Auto Art

27/07/2012 17:05 BST | Updated 26/09/2012 10:12 BST

BMW's Art Cars programme has been running for almost 40 years now. Every now and then the Bavarian manufacturer hands a pristine, straight-off-the-production-line, car to an artist of note and tells them to use it as their canvas.

The ICA has brought together all 18 of these automotive installations and installed them in a car park in Shoreditch as a part of the London 2012 celebrations, BMW being the manufacturer given 'official' status - it'll be their cars ferrying the Olympic VIPs around town when we're stuck in traffic in the non-games lanes.

The creators are a veritable who's who of twentieth century artists, from the living (David Hockney and Jeff Koons) to the departed (Andy Warhol and Alexander Calder), with a plethora of lesser-known (but no less talented) canvass-botherers in between.

Warhol's M1 2012-07-24-Warhol.jpg

The cars are as varied as the artists who've painted them, from stripped-out track cars to family saloons. Strangely, it's the less exotic models which excite the most. With the more glamorous cars in the collection there's a sense that they're already such a work of art in themselves that the addition of a layer or two of paint is just dressing on a very tasty cake.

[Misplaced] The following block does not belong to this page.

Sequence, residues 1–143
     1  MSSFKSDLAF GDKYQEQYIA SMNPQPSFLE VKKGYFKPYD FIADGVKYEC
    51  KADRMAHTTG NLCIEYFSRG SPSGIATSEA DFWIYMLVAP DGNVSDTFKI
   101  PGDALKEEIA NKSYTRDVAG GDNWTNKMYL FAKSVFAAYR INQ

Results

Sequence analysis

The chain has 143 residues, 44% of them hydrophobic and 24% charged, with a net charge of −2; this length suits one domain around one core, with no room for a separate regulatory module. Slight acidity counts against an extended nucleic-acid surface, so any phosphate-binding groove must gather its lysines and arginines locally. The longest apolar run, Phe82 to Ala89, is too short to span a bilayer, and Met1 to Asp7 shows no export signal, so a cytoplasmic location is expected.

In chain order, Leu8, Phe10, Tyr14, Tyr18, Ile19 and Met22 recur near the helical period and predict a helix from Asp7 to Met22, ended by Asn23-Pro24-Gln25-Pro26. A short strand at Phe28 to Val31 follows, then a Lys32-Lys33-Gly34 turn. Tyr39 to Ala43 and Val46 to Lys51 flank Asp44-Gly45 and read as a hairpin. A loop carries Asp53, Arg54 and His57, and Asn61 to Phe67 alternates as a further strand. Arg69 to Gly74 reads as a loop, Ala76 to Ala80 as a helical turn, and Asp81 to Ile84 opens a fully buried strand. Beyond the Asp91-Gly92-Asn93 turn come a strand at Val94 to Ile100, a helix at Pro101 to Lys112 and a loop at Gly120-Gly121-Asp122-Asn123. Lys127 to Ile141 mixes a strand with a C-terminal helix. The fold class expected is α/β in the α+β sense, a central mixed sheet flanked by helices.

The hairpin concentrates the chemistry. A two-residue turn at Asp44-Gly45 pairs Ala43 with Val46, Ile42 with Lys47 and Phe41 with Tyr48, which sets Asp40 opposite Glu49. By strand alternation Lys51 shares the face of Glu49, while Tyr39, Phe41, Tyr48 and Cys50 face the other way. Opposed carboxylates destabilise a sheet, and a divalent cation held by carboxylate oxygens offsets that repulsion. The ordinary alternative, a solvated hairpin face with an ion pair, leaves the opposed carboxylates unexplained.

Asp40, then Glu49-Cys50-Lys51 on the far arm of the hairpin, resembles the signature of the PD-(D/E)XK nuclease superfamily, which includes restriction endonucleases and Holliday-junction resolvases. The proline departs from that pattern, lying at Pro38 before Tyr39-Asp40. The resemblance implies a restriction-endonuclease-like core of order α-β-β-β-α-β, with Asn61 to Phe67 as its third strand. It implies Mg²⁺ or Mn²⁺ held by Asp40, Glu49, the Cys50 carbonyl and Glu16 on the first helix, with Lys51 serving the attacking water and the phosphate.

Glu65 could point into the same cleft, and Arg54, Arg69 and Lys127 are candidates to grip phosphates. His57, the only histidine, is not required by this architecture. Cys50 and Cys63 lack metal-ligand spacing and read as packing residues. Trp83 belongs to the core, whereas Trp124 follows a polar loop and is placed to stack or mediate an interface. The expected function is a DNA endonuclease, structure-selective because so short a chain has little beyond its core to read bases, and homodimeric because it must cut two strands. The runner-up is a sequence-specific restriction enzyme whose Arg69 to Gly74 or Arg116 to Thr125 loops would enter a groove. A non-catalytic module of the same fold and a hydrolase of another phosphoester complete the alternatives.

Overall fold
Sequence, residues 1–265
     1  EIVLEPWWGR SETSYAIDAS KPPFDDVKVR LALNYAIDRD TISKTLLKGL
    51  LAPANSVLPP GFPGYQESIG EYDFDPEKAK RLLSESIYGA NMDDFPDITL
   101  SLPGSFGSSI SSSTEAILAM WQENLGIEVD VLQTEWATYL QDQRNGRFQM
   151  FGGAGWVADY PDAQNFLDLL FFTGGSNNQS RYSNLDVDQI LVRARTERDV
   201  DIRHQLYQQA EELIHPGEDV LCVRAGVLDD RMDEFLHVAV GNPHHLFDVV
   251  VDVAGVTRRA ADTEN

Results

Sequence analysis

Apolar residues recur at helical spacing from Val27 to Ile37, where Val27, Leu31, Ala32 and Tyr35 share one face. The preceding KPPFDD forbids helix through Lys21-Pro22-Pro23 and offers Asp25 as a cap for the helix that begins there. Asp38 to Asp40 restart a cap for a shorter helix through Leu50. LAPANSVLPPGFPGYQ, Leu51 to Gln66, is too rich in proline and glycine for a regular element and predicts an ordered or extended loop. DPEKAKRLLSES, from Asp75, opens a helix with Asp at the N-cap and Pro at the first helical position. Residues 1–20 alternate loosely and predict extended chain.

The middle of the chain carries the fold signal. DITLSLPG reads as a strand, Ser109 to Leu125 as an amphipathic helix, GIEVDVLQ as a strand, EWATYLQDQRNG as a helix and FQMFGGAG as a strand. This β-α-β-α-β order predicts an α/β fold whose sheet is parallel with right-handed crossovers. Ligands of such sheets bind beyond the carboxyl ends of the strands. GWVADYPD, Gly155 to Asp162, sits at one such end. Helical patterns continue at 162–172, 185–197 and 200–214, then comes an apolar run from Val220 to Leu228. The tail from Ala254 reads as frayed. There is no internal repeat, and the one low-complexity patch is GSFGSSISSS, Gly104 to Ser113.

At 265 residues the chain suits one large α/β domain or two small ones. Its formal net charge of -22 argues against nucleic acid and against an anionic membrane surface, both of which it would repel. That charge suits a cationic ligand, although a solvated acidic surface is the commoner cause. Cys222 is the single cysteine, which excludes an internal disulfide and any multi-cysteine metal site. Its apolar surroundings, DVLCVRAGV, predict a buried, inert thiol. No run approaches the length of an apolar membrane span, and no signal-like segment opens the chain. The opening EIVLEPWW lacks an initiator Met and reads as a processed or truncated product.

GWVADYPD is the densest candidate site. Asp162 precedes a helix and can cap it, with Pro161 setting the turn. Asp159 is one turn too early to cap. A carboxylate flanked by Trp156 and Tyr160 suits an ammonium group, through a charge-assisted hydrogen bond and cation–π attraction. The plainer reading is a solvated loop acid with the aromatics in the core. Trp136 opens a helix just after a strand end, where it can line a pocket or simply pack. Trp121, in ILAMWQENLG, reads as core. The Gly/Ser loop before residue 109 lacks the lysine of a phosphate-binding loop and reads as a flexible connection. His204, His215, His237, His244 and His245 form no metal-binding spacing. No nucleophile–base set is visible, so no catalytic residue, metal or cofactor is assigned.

Manrique's 7 Series 2012-07-24-Manrique.jpg

The more pedestrian models are less imposing to being with, which makes the artistic additions much more exciting, and much more obvious. My personal favourite was the 1986 BMW 635CSi by Robert Rauschenberg, and honourable mention goes to César Manrique's 1990 730i and Esther Mahlangu's 1991 525i - proofs, all of them, that where art's concerned, the price of the canvas is irrelevant, it's what you do with it that counts.

Mahlangu's creation 2012-07-24-Mahlangu.jpg

Take yourself off to the Art Drive and judge for yourself. It's on until 4th August, and it's free.